Minnesota chain buys Seattle's Magnolia Hi-Fi

TUKWILA--At the Magnolia Hi-Fi at Southcenter yesterday, customers collected in luxurious home-theater showrooms and mobile-sales manager Anthony Bailey showed off the latest in car video systems, complete with full Dolby digital surround sound.

Nothing's changed, Bailey assured shoppers as news of Magnolia's sale to Best Buy of Eden Prairie, Minn., ricocheted throughout the Puget Sound region. "They are just buying a profitable company. If it ain't broke, don't fix it," he said.

Jim Tweten, Magnolia's president, and Brad Anderson, Best Buy president, both echoed that sentiment, saying the 46-year-old Seattle company's combination of high-end audio and video products and knowledgeable customer service would be unaltered by the $87 million sale announced yesterday.

"We've had a long interest in the segment that serves the early adopter (the first people to use the best, most advanced technology) and the most active customer in terms of entering the digital age. We've looked around the country for companies that were particularly good at doing this and have long felt Magnolia was the best company," Anderson said during a visit to Magnolia Hi-Fi's Kent corporate offices.

At the same time, Tweten was looking for a partner to provide the capital and people Magnolia needs to expand, especially into the large California market, where it recently opened two stores in Santa Clara and San Ramon. Magnolia plans to open three or four more stores in the San Francisco Bay Area in the next year, said Tweten.

"It was a perfect fit for us," said Tweten, who said he initiated talks in September with Best Buy, the nation's largest electronics retailer. Magnolia will be a wholly owned subsidiary of Best Buy, and Tweten, 49, will remain as president. There will be no changes in staff, product line, specialty vendors, service, advertising strategy or store layout, said Tweten.

Best Buy yesterday also bought Musicland Stores, which includes Sam Goody, Suncoast and On Cue, for $425 million. It has opened its first two Best Buy consumer-electronics stores in the Seattle area, at Northgate and Southcenter. The company plans to have 12 Best Buys in the Seattle-Tacoma area over the next two years, said Anderson, 51.

There will be no confusion between a Sam Goody and Magnolia Hi-Fi store in the future, said Anderson.

"We bought it (Magnolia) for the vision and the competencies that exist here. So our intent is no adjustment there," he said. But he added that there will be some changes at Musicland, such as bringing more cellular and gaming products into those stores.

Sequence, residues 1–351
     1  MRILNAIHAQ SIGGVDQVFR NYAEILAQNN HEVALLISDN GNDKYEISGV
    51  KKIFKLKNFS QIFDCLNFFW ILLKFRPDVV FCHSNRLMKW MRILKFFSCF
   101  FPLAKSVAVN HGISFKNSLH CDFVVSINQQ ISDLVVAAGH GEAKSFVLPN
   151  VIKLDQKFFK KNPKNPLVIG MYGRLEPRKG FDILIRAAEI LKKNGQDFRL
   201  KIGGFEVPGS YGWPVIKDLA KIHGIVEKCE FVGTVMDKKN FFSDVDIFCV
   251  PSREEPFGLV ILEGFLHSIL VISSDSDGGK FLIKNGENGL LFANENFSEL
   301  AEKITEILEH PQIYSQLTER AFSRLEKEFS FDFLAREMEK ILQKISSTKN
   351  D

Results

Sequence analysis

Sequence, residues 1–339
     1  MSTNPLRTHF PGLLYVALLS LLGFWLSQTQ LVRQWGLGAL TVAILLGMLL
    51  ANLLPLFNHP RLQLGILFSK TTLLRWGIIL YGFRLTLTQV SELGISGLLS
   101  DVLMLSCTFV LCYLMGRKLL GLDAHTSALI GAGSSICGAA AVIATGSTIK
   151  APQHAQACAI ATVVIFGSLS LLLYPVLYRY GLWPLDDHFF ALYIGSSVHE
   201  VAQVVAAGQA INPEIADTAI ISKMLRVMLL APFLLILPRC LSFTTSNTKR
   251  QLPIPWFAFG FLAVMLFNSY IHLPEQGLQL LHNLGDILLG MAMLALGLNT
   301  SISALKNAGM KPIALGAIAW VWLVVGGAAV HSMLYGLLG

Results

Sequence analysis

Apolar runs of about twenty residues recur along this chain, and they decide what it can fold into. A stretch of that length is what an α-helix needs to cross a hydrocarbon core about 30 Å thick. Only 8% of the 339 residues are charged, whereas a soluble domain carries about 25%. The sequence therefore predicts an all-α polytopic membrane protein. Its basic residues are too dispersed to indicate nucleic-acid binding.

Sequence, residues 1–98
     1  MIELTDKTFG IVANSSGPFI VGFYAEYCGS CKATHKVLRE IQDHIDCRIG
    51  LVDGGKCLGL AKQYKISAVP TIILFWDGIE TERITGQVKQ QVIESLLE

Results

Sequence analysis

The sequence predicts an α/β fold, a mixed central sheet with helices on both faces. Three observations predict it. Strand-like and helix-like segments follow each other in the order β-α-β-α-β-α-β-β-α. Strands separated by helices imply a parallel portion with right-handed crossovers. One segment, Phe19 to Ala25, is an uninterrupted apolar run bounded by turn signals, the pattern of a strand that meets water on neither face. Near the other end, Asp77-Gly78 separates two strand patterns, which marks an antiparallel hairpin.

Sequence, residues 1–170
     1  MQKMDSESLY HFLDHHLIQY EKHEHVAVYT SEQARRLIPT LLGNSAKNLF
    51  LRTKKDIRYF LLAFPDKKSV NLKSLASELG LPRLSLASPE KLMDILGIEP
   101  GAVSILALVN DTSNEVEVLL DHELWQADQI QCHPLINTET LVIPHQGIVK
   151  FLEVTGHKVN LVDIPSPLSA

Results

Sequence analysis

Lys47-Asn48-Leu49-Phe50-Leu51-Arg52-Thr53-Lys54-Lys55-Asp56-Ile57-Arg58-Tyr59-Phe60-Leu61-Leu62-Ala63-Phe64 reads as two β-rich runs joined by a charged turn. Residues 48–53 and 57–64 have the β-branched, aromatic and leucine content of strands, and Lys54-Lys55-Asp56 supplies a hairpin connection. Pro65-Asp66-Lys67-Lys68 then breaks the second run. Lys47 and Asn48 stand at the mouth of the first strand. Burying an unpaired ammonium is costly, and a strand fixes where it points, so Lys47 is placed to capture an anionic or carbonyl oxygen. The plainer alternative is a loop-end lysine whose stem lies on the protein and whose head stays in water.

And he noted a customer might buy a digital video disc at a Best Buy store, then buy the equipment to play it on at a Magnolia store.

Best Buy and Magnolia carry some of the same brands, but Tweten said Magnolia will always specialize in the top-end lines while Best Buy will continue serving a broader customer base.

"We think there is a very big difference," said Anderson, the Best Buy president. "Best Buy is basically a grab-and-go environment that is probably in a sense more similar in terms of its architecture to Costco. It is structured to be very efficient, a place you can go in and make a fast purchase based on low prices.

"We have service in the store, but nothing like what Magnolia offers. And we don't sell many of the products Magnolia has to offer. Where Best Buy ends, Magnolia begins," he said.

Magnolia is where consumers can find such high-end products as MartinLogan speakers priced up to $5,000 each, McIntosh amplifiers priced up to $9,000 or Sony XBR big-screen television sets which cost up to $5,500.

Magnolia will also continue to provide its own repair service, honor all its warranties and keep its sales force intact, said Tweten.

That is music to customers' ears, if a sampling of shoppers at the Tukwila store was any indication.

"I have always come here because the service is so good. If anything went wrong with anything, they will stand behind their products 100 percent and help get your problem solved," said Scott Rice, a Vashon Island resident who was shopping yesterday for a DVD changer and speakers.

"That's the area I would worry about, service," said Randy Smith, a customer from Kent. "I just wonder if the quality here will go down, or the quality of Best Buy will go up. I'm sure they will have to maintain their quality to keep up."

Magnolia, with 13 stores in Washington, Oregon and California, began as Magnolia Stationers and Camera Shop in 1954. It took its name from the Magnolia Village shopping district where it got its start. It staved off competition from the big-box electronics stores with Nordstrom-like customer service; last year it logged $100 million in sales.

"What an American dream to me, how that little, little store in Magnolia District grew. What's happened today is just fantastic," said Len Tweten, 73, the company's founder and father of Jim Tweten. The senior Tweten said he will now fully retire as chairman of Magnolia Hi-Fi and "do a lot of golfing."

Meanwhile, Best Buy's stock fell $5.88 to $22.94 on the New York Stock Exchange as investors worried about Best Buy's acquisition of Musicland--with a total price tag of $685 million when assumed debt is added in--at a time music sales are sluggish, according to Bloomberg News.